By Gary Stewart
Recent, high-profile construction projects in and around Ithaca and Tompkins County represent one level of growth and economic development, while less visible success stories play out every day through venues and programs – large and small. Here is a sampling:
— Rev – revithaca.com – the downtown Ithaca business incubator supported by Cornell University, Ithaca College and Tompkins Cortland Community College, continues to grow and lead diverse and engaged demographics.
The November Networking@Rev was Ithaca College’s Startup Idea Demo Day, where 12 IC students presented their business ideas to entrepreneurs who awarded $5,000 to help those concepts become a reality. The next Networking@Rev event is Thursday, February 2, 2017, and will feature pitches on clean energy startups, in partnership with the 76West Clean Energy Competition.
Rev will also host the Global New York team that is coming to Ithaca Tuesday, January 10, 2017, to introduce the $35 million Global NY Fund, which provides loans and grants to help small- and medium-size New York businesses start exporting or increase their global export sales. Grants are also available to non-profits that provide export assistance and trade education to companies locally and statewide. Both the networking and Global New York events are free and open to the public. RSVP at www.eventbrite.com.
— The Tompkins County Chamber of Commerce – www.tompkinschamber.org – and Tompkins County Area Development – tcad.org – which include Cornell staff among its board members – continue to lead and assist area residents and businesses on several fronts. The chamber has more than 700 active members and provides dynamic networking and training opportunities on a year-round basis. This year alone, the chamber distributed $114,000 in on-the-job-training grants that offset expenses for local businesses.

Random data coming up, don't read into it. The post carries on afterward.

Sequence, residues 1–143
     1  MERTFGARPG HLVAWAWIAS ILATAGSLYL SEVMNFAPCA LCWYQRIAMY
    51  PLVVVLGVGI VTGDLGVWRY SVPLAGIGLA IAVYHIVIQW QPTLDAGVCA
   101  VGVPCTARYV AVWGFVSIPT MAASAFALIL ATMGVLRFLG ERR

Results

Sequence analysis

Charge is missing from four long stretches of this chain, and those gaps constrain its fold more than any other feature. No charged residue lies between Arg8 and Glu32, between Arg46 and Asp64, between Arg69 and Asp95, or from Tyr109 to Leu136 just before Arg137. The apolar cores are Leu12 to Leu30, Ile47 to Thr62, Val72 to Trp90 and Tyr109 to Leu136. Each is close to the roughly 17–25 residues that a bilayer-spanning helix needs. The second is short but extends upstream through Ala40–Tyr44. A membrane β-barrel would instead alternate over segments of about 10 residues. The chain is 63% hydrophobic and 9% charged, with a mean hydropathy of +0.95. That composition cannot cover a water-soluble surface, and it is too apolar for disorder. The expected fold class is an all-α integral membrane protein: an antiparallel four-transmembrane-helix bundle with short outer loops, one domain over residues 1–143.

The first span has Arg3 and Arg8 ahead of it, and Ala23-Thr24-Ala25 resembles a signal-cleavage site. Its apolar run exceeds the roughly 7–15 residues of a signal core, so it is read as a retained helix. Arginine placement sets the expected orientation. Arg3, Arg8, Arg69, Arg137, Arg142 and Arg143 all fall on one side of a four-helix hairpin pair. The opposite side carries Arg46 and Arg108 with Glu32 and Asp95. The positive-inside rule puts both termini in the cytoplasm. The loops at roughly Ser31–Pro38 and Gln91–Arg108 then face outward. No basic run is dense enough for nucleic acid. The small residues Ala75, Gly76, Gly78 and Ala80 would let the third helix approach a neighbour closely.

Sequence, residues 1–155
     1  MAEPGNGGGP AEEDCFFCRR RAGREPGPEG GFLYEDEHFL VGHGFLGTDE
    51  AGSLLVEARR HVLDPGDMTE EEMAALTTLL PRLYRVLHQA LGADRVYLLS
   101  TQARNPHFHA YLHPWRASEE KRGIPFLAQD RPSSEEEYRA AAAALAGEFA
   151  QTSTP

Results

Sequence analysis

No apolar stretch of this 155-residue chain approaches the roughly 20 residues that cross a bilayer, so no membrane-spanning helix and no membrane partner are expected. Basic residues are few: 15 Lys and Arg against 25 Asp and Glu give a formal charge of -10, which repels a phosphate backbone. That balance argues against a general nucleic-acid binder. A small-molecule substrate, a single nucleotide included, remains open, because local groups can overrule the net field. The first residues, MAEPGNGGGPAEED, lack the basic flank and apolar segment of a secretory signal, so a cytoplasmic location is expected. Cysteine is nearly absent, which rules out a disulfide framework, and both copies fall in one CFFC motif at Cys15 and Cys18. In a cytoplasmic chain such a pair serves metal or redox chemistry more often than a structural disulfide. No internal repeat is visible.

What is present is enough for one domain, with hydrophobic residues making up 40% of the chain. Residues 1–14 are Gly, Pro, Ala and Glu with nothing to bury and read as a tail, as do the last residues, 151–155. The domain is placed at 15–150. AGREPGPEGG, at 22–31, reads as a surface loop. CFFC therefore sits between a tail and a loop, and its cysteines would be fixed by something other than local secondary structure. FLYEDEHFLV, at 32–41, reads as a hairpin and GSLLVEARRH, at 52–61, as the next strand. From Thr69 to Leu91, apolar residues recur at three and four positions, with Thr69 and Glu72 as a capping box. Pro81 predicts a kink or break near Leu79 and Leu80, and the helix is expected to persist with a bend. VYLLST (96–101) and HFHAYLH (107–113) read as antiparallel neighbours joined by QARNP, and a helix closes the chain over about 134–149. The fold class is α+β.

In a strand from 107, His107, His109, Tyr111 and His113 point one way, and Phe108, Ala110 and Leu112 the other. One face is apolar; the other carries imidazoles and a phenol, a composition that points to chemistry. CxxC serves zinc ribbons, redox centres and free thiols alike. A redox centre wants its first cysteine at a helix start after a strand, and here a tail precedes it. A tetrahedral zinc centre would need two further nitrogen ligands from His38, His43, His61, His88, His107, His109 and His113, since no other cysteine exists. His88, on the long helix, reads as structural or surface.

The 2015-2020 Tompkins County Economic Development Strategy was developed and implemented by TCAD and is an integral part of the county’s comprehensive plan. TCAD also led an ask from the Tompkins County Legislature to create a task force and address the following question: Over the next five years, what key issues do we need to address locally to advance Tompkins County’s greenhouse gas emissions goals while supporting the County’s economic development strategy?
The Energy and Economic Development Task Force met 18 times between June 2015 and June 2016, and the final report recommends key next steps. It can be viewed at tcad.org/final-report-available.
Cornell is proud to collaborate with these and numerous other local partners, while its own economic impact is reflected, in part, by a recently released report from the Commission on Independent Colleges and Universities that represents New York’s 100-plus private colleges and universities. The total economic impact of New York’s independent sector of higher education in 2015 was $79.6 billion, an increase of $5.3 billion (7 percent) from 2013. Independent sector colleges and universities continue to be a major source of jobs across all regions of New York State, fueling employment for 406,300 people both directly and through spillover effects. Total employment in the sector grew by 3 percent between 2013 and 2015.
In the Southern Tier, Cornell, Ithaca College and Elmira College helped drive $279.4 million in visitor spending in 2015, with a cumulative $2.3 billion payroll that includes construction and indirect/induced economic activity. More details are available at cicu.org.
In the first quarter of 2017, Cornell will once again produce an economic impact snapshot that captures of local data, including purchasing, construction, contributions, property taxes, municipal fees, and other topics touched on in the CICU report. Last year’s snapshot can be found at universityrelations.cornell.edu/files/2016/03/Local_economic_imapact_2015_snapshot-2btp9nn.pdf. The university also has a website that focuses on economic impact, which can be found at www.cornell.edu/features/economic-impact.
Economic development and related challenges and opportunities will always require new collaborations and data-driven decision making. Cornell is fortunate to have so many progressive community partners who find value in this shared work and the related planning.
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East Hill Notes are published the second and fourth Mondays in Tompkins Weekly. Gary Stewart is associate vice president in the Office of Cornell Community Relations.